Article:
During the School Application, 2,228 of the 10,289 registered schools/examination centres submitted their candidates’ choices/preferences, which translates to 21.65%. The Placement Board is concerned about this low participation of schools at this important step of the placement process.

To address this concern, the Board recommends to the Ministry of Education to consider issuing a policy guideline to all schools, especially those with candidates eligible for placement to TVET institutions, to ensure that they submit the applications on behalf of their KCSE candidates for university and TVET placement.

Following the School/Centre Application and the release of the KCSE results, the revision of choices was conducted in two phases.

The First Revision of Choices

The First Revision, which opened from February to March, was meant to give the students an opportunity to make better informed choices given that they had their KCSE results. Therefore, at that point, they were in a position to consider how their performance compared to the requirements of their desired courses. In addition, having left the school environment and having been exposed to some of the careers of their interest, they could benefit from the exposure in making their career choices.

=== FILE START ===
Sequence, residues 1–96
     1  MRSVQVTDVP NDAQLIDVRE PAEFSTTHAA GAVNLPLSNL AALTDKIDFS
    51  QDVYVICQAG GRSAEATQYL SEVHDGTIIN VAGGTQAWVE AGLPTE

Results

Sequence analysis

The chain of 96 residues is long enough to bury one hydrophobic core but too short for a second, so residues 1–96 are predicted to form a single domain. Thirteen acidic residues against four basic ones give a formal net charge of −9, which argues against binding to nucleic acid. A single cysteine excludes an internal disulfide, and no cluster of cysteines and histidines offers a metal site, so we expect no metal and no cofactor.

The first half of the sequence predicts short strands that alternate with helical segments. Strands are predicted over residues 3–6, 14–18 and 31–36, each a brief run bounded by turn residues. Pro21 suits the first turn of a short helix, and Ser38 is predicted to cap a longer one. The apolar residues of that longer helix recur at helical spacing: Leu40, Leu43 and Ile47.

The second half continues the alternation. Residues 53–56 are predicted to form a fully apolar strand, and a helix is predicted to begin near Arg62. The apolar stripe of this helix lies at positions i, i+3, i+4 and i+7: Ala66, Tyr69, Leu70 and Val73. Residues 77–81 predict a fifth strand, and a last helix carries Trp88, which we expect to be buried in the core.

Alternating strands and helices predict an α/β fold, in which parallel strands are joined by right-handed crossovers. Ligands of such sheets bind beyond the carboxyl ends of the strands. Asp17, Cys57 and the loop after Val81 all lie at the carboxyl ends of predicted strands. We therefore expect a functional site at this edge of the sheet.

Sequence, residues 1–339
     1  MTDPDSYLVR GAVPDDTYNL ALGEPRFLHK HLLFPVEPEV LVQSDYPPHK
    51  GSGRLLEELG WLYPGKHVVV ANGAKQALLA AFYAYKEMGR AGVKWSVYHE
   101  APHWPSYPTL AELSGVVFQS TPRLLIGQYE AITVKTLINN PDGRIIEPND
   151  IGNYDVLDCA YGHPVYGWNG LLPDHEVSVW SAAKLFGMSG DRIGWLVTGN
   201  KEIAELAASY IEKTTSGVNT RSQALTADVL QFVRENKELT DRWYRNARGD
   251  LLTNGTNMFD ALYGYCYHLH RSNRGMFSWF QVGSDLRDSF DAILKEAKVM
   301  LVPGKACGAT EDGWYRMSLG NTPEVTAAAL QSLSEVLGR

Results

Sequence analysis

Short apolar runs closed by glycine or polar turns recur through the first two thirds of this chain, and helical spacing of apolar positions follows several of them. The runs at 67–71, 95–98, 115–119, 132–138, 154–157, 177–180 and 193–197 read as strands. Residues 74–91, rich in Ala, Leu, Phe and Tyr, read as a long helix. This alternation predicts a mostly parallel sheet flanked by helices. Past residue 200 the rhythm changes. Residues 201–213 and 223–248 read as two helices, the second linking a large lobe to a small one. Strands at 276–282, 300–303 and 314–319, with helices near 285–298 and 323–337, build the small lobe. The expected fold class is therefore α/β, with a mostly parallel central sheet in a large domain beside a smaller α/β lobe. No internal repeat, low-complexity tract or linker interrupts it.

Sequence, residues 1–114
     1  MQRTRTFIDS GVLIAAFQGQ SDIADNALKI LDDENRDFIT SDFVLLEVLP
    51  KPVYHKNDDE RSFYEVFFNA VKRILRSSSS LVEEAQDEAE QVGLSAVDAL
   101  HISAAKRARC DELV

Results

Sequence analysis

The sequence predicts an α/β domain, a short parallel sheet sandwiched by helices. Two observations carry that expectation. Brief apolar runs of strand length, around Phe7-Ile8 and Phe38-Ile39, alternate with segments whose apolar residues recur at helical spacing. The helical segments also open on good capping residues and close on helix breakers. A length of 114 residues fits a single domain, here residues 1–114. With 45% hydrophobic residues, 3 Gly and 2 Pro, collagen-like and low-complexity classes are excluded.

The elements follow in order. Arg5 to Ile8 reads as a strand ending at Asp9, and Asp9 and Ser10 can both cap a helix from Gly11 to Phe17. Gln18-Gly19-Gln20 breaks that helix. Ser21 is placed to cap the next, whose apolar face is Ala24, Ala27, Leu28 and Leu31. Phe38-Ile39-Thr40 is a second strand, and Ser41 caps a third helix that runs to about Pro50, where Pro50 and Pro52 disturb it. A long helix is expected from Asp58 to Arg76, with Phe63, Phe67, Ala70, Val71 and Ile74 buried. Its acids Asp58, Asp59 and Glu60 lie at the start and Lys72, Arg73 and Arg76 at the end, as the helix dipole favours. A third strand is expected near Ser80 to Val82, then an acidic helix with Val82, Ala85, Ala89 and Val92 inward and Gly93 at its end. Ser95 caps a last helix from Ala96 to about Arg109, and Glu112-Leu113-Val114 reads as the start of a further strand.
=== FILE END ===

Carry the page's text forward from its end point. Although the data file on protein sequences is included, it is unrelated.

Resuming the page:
All the 2019 secondary school graduates were given an opportunity to make changes to their choices from the School Application or to submit their preferences if they had not. Eligible candidates from previous years were also enabled to apply for TVET programmes.

At the same time, the Placement Service rolled out nationwide application support
and guidance to applicants by deploying its officers to 34 learning institutions
designated as application/revision centres. In addition, applicants were offered  support in 11 Huduma Centres that host KUCCPS Service Desks. This was preceded by a public sensitisation campaign through the mainstream print media, online platforms and community radio stations.

Following the processing of applications after the First Revision of Choices, applicants who were unable to secure their choices due to competition in the programmes they preferred were invited for the Second Revision of Choices.

The Second Revision of Choices